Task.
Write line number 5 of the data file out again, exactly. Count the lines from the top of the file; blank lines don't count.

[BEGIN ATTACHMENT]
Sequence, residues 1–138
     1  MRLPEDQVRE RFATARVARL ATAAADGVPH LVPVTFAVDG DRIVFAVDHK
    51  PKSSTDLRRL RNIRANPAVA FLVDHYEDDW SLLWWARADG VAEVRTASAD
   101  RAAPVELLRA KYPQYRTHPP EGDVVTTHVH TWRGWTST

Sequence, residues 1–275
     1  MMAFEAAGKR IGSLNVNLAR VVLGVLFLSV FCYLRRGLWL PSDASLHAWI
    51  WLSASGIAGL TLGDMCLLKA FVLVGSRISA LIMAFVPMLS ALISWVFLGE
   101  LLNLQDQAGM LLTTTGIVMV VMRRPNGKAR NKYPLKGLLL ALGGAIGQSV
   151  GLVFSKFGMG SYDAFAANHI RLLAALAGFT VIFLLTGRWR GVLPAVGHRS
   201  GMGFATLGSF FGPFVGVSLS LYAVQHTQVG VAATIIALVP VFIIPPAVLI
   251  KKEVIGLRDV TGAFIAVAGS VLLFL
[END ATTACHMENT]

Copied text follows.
Sequence, residues 1–275